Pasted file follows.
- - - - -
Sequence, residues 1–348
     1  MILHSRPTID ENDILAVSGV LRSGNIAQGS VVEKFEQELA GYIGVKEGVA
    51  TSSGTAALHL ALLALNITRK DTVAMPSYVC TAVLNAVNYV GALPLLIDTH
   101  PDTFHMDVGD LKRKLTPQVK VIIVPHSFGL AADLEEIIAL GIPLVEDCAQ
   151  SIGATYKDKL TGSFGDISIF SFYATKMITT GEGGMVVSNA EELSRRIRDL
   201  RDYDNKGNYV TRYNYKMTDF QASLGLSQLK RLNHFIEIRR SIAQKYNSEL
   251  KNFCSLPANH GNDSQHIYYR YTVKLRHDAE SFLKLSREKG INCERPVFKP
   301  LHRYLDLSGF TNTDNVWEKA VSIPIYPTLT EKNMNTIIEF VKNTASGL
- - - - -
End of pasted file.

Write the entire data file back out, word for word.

Sequence, residues 1–348
     1  MILHSRPTID ENDILAVSGV LRSGNIAQGS VVEKFEQELA GYIGVKEGVA
    51  TSSGTAALHL ALLALNITRK DTVAMPSYVC TAVLNAVNYV GALPLLIDTH
   101  PDTFHMDVGD LKRKLTPQVK VIIVPHSFGL AADLEEIIAL GIPLVEDCAQ
   151  SIGATYKDKL TGSFGDISIF SFYATKMITT GEGGMVVSNA EELSRRIRDL
   201  RDYDNKGNYV TRYNYKMTDF QASLGLSQLK RLNHFIEIRR SIAQKYNSEL
   251  KNFCSLPANH GNDSQHIYYR YTVKLRHDAE SFLKLSREKG INCERPVFKP
   301  LHRYLDLSGF TNTDNVWEKA VSIPIYPTLT EKNMNTIIEF VKNTASGL